BongHwan Kim announced today that he's resigning as general manager of the city's Department of Neighborhood Empowerment on August 4 — and departing Los Angeles — to take a position in San Diego. He will become vice president and executive director for civic engagement at the San Diego Foundation. This means he's out of the race for the 13th Council District, the crowded derby to choose a successor next year to termed-out mayoral candidate Eric Garcetti.
Kim released a statement, which says in part:
As I leave my home city of 25 years, for this awesome opportunity to make a difference in my new home community of San Diego, I'm called to reflect on what Los Angeles has meant for me.
From my humble beginnings as a first generation immigrant struggling as an outsider to find my sense of belonging in this new country, in New Jersey of all places, I never would have imagined I would be given the amazing opportunities to serve and help others and work for social change that I have.
These opportunities started from my early work in Koreatown to expand opportunities for recent immigrants to the Los Angeles riots in April 1992, when I was suddenly confronted with the shocking tragedy of the worst urban rioting in modern history. This was a life changing event which claimed 54 lives and snatched away the American dreams of over 800 Korean families who violently lost their businesses overnight through no fault of their own. Through that painful experience, and more recently with Neighborhood Councils, it has become clearer to me than ever that the role of communities and government must change in some fundamental ways.
Most recently with my work in city government as the longest serving General Manager for Neighborhood Empowerment (an awesome job title) of the most ambitious and promising civic engagement in the country, I have been truly inspired by the amazing work of volunteers throughout this great city who have answered the call and are devoting so much of their time, heart, and spirit to improve the way government works with neighborhoods.
Leading the Department over the past five years, has been the most challenging, yet inspiring, experience of my professional life. I am proud of what we have been able to accomplish during this time in building a more stable foundation for neighborhood empowerment.
After being cutback by more than 50% due to the fiscal crisis, we shifted our role by recruiting former Neighborhood Council Board members to provide direct assistance to their struggling peers. Councils 4 Councils is now in place and able to send out peer veterans to advice those who are new to neighborhood governance. Over time, it is possible to envision the system being largely self supporting through a volunteer driven system with city staff playing more of a facilitative, dot connecting role.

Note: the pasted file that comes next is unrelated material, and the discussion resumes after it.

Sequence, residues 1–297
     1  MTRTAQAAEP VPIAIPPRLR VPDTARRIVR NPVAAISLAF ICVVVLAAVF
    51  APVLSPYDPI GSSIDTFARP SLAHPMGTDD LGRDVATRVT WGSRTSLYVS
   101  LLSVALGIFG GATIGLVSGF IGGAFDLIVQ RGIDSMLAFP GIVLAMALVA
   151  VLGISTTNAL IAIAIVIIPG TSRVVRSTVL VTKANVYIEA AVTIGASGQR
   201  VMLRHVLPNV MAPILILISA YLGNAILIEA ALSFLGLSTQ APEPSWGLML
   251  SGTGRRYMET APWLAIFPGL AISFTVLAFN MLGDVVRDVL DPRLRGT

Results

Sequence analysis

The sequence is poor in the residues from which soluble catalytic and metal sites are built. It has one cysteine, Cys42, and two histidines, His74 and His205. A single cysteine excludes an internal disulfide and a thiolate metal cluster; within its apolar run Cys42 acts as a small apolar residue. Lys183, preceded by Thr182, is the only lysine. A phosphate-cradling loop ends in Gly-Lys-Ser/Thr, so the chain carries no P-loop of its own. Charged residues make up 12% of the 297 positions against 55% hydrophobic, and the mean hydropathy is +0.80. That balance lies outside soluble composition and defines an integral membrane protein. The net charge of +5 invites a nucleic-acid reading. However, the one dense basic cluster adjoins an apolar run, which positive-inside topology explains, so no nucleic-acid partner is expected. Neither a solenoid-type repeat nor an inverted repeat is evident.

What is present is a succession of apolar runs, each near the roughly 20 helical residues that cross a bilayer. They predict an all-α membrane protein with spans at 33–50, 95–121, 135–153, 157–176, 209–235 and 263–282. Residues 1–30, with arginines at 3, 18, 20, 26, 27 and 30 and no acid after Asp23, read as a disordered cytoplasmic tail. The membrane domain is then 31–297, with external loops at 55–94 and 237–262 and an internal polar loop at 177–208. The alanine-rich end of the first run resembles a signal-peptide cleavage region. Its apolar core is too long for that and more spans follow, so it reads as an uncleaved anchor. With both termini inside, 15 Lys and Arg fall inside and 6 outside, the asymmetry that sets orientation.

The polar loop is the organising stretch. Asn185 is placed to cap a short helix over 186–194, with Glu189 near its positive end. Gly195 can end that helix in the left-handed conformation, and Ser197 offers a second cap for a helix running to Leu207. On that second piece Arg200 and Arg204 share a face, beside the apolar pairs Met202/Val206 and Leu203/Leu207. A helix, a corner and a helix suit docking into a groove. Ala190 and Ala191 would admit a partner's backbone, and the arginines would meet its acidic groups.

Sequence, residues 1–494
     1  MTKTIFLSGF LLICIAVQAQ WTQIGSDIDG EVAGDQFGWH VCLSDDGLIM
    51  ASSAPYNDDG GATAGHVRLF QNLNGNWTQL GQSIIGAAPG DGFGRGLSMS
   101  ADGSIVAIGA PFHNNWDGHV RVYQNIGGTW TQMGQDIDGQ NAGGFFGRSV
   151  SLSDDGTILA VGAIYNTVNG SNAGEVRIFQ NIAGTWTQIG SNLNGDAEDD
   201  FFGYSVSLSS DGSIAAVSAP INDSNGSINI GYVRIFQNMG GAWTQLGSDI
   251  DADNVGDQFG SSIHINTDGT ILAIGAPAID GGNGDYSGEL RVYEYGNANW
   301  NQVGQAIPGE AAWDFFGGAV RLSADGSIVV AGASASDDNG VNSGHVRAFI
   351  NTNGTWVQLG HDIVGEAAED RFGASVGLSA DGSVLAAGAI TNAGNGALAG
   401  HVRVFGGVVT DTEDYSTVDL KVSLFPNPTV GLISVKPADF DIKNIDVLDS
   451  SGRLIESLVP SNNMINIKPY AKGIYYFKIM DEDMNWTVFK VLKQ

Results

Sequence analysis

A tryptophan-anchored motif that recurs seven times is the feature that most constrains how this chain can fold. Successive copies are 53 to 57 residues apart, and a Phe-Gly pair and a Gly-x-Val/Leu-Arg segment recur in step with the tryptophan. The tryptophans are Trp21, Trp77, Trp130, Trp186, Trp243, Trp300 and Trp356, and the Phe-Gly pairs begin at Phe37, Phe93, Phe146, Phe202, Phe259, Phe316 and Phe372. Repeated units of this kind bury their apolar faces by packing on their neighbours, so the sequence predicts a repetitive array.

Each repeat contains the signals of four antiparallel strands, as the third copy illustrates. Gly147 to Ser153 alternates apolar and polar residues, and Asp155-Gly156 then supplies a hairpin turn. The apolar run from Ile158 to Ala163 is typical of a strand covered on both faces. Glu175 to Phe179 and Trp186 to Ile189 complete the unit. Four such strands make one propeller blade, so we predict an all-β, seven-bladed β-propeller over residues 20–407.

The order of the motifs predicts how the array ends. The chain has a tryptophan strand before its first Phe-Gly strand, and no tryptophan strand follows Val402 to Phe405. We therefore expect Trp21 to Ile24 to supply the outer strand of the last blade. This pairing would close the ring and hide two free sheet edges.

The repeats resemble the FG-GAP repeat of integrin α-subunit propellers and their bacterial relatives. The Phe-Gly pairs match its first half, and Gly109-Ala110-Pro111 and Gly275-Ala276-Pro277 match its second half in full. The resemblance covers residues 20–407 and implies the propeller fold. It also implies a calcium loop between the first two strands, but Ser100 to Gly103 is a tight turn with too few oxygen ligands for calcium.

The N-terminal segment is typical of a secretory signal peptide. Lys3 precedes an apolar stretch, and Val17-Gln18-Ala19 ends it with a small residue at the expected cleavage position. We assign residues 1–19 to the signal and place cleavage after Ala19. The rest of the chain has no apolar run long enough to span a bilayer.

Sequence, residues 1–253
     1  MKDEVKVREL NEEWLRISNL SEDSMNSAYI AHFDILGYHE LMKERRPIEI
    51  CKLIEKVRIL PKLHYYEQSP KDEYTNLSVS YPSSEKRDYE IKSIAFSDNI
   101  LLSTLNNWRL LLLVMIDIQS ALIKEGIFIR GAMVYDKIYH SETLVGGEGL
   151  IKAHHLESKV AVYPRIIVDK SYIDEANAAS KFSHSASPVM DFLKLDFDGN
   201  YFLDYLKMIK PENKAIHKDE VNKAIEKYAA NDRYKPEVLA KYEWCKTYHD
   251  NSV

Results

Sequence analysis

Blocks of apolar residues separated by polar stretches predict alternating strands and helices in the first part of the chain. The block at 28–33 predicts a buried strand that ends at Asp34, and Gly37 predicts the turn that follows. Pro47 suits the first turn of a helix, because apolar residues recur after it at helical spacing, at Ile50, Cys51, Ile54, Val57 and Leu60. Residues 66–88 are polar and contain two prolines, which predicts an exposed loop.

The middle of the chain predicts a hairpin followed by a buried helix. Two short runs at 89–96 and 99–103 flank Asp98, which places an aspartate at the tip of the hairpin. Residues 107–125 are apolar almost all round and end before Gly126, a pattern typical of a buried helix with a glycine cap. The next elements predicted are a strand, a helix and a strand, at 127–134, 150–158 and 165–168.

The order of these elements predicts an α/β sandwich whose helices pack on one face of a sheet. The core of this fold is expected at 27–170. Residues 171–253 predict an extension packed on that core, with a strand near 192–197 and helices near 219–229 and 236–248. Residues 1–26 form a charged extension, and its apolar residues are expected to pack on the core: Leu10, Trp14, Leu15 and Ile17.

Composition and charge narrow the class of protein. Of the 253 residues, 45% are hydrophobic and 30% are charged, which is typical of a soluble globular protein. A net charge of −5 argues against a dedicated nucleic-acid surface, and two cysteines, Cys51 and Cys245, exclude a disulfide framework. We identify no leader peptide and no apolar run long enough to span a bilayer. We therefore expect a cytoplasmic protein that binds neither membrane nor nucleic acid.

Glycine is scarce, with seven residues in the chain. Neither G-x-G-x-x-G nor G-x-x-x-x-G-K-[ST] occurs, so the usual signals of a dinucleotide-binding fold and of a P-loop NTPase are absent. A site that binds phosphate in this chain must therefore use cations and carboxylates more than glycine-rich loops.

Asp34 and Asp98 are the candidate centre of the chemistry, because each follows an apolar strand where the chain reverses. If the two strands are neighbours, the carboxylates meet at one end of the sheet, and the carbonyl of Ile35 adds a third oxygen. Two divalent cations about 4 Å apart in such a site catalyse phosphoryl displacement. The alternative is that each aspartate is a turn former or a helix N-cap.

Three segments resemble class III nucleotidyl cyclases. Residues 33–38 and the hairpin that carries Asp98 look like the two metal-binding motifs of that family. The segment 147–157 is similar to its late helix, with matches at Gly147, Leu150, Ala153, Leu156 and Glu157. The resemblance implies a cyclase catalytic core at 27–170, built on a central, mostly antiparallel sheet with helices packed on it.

Through regular attendance at regional coalition meetings, we built closer relationships with Neighborhood Council leaders who viewed city staff with suspicion and distrust. Many remarked how unusual it was for a General Manager to be attending so many evening meetings in the community.
Bylaws are the constitution and the "rules of the road" for each Neighborhood Council. Coming into the department, I found that the by-laws were a complete mess fraught with inconsistencies, vague or missing language around key sections which determine how Neighborhood Councils make decisions and are accountable to the public. When Boards would get locked in conflict, their bylaws were useless in guiding them out of difficulties. Working with the Board of Neighborhood Commissioners and Neighborhood Council leaders, we now have set the standard for clearer and consistent bylaws for all 95 Neighborhood Councils.
Los Angeles Neighborhood Councils are not only leading the way nationally, but internationally as well. Delegations from Japan, Venezuela, and Canada have come to visit with us and have been fascinated to find what the second largest city in the most powerful nation in the world is doing around empowering everyday people to claim their rightful space in democracy. In fact, the Mayor of Nagoya is currently looking to abolish its city council and replacing them with Neighborhood Councils making the decisions for themselves. Imagine the possibilities....
We are currently on track to successfully complete citywide Neighborhood Council elections in less than half the time and budget than ever before. More importantly, we have launched an ambitious outreach campaign to increase the visibility of Neighborhood Councils while reminding Angelenos of the central purpose - to involve more people and improve government responsiveness to neighborhood needs. We also recruited veteran Neighborhood Council activists to serve as election administrators who are now working in partnership with Board volunteers to recruit as many candidates as possible. It's possible to imagine that, one day, more people may turn out to vote for Neighborhood Council Board seats than City Council seats because voting for your neighbor is a more direct connection to City Hall.